January 12, 2006 1:07 PM PST
McNealy's cold feet and other tales of Sun
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McNealy joined Sun's other co-founders, Vinod Khosla, Andy Bechtolsheim and Bill Joy, at a panel discussion at the Computer History Museum here to reminisce about the server specialist's past and prognosticate about the future.
Khosla said the McDonald's meal took place just after he and McNealy met with venture capitalists and got Sun's first funding commitment. "We went out and sat in the parking lot. Scott said to me, 'I don't know if I really want to do it.' So I took him to an upscale dinner at McDonald's on Page Mill Road" in Palo Alto, Calif., he said, where he put the screws on McNealy to resign from his $40,000-a-year job at Onyx Systems.
"Vinod asked me, 'When are you quitting?'" McNealy recounted. When McNealy balked, Khosla countered, saying: "'You can't back out on me now. You're a founder.' "I said, 'Oh, OK.' It was that quick," McNealy said.
Khosla left Sun in 1986 to become a general partner at venture capitalist firm Kleiner Perkins Caufield & Byers, and Joy followed suit in 2005. Bechtolsheim left Sun in 1995 to found gigabit Ethernet start-up Granite Systems, later acquired by Cisco Systems. But he rejoined the company in 2004, when Sun bought his next start-up, Kealia, to provide the foundation of its new "Galaxy" line of x86 servers.
The Apple connection
It's no secret that Sun once tried to acquire Apple Computer, but Joy noted that it wasn't the only near-union between the Silicon Valley companies. "We almost merged with Apple two other times," he said.
There were other alliances with Apple that fell through, Joy added: an attempt with Microsoft and the Mac maker to create a common file protocol; an attempt with Apple to create a merged user interface; and an attempt to persuade Apple, when it was moving away from Motorola's 680x0 processor family, to switch to Sun's Sparc processors rather than the PowerPC chips it ultimately chose (and began abandoning this week with Intel-based Macs).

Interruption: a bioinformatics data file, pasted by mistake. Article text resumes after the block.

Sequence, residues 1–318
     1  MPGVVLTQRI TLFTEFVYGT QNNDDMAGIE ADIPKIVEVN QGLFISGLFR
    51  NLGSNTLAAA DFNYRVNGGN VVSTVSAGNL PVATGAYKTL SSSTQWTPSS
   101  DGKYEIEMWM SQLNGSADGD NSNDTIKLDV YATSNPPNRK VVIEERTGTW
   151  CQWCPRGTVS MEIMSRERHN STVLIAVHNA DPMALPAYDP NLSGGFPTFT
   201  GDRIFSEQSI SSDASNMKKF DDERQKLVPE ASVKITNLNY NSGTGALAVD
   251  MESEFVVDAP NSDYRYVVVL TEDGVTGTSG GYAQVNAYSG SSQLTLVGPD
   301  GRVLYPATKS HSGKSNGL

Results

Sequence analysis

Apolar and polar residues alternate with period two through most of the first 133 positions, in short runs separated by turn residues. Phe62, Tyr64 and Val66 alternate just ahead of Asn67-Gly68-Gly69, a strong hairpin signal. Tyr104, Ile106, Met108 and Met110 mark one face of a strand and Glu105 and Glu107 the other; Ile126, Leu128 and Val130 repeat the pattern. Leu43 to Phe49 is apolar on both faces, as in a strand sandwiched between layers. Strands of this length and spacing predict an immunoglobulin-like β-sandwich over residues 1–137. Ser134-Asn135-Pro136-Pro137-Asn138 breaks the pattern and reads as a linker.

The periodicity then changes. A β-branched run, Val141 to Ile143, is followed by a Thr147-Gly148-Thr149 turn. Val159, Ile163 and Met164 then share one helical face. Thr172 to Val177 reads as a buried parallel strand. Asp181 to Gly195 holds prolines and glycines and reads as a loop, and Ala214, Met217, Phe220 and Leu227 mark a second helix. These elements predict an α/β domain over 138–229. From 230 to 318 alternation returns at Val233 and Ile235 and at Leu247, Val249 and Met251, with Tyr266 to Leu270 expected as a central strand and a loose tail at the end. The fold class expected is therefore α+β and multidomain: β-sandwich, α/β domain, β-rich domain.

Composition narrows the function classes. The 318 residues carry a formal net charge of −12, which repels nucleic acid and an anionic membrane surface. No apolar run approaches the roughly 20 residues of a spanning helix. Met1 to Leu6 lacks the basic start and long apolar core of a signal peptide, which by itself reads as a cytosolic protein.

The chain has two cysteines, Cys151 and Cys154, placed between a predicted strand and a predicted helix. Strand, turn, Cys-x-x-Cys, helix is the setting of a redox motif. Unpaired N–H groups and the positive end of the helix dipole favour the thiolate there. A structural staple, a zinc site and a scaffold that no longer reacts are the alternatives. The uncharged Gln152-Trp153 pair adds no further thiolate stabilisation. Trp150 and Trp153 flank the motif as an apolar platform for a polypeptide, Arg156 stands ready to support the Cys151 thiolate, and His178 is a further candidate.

"We got very close to having Apple use Sparc. That almost happened," Joy said.
In total, "there were six very, very close encounters" with Apple, he noted. That none of them worked out was a "personal disappointment" said Joy, who spent years as Sun's chief technology officer.
McNealy added that he went to Steve Jobs' house to try to hammer out the user interface agreement. The Apple co-founder and CEO was "sitting under a tree, reading 'How to Make a Nuclear Bomb,'" with bare feet and wearing jeans with holes torn in the knees, McNealy said. The interface work, though, "never went anywhere," he said.
Khosla also lavished praise on Jobs, who he said was a role model, along with Oracle CEO Larry Ellison and Intel's former CEO Andy Grove. Jobs is the kind of person "who passionately, religiously believes his own ideas. No matter what anybody else says, he's going to push them through," and that determination and self-confidence is in large part why he succeeds in doing so, Khosla said.
McNealy has praised Jobs on occasion, but he acknowledged on Wednesday that he doesn't have time to listen to his own iPod and forecasted doom for the popular digital music player. The right place to store music is on the network, where it can be accessed by many devices, he said, much like the right place to store voice mail is on a central server.
"Your iPod is like your home answering machine. It's a temporary thing," McNealy said. "It's going to be hard to sell a lot of iPods five years from now, when every cell phone is going to be able to automatically access your library wherever you are."
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